The Killing Code

Little, Brown. Sept. 2022. 384p. Tr $17.99. ISBN 9780316339582.
Gr 9 Up–This novel is set during World War II but doesn’t rely on the built-in drama of a typical wartime tale. Instead, Marney weaves thrilling drama, assumed identities, queer love, racism, and even murder against the compelling and true backdrop of American female codebreaking units. It comes together seamlessly, with every thread informing the others, a laudable feat. Protagonist Kit once worked as a maid—and perhaps more—for the real Katherine Sutherland. After Katherine, who was ill from infancy, dies at the finishing school where Kit served as her companion, the whip-smart Kit assumes her identity (as Katherine asked and encouraged her to) and stumbles into work as a codebreaker. If the threat of being exposed as a fraud during war wasn’t enough, soon Kit and a gang of fascinating fellow codebreakers are sucked into solving the mystery of a serial killer terrorizing the young government-working women of Washington, D.C. While the book contains some phrases and thoughts that feel anachronistic, it overall serves as a gripping and inspiring tale. Quotes from real codebreakers and historical figures open every chapter, ensuring this brisk tale is informative while entertaining. Katherine and Kit are white.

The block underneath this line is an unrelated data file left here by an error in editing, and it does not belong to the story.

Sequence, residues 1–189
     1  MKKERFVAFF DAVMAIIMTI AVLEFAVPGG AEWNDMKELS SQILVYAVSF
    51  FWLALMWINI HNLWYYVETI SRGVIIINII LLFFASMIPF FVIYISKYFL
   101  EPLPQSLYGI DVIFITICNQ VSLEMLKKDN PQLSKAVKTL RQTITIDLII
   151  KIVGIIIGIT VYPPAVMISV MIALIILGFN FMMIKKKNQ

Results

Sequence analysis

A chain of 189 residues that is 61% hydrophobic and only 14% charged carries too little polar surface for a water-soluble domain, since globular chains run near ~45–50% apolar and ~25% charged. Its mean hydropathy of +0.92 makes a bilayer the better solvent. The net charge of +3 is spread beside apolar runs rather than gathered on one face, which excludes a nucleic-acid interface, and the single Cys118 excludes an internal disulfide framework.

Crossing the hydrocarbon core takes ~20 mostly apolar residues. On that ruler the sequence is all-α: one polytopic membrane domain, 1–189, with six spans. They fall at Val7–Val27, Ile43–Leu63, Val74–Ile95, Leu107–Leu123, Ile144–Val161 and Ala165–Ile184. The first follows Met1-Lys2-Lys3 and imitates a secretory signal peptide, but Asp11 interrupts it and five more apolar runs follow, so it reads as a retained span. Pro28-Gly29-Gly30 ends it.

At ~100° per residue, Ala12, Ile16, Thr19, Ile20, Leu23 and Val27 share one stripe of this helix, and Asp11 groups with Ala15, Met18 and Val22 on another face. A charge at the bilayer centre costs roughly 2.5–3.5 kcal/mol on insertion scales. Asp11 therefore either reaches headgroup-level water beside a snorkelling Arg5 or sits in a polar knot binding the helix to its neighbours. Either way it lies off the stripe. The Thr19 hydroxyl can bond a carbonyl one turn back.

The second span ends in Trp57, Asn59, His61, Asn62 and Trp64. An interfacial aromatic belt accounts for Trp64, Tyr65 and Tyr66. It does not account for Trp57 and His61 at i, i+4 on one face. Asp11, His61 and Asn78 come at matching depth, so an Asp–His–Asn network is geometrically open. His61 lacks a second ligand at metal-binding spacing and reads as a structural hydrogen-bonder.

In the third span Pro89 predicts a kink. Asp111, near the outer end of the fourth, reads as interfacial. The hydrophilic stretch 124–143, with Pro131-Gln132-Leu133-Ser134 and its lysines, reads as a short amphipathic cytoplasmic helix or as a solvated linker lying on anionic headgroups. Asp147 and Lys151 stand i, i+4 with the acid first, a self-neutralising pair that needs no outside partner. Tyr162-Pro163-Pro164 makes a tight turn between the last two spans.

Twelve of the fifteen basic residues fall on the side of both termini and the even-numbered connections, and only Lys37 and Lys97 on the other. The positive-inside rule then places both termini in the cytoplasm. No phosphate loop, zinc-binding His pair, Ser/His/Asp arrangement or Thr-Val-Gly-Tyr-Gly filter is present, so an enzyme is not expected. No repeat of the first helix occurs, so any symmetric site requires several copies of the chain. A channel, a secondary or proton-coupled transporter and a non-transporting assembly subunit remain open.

VERDICT An intersectional and enthralling story of largely unknown history mixed with engrossing crime mystery.

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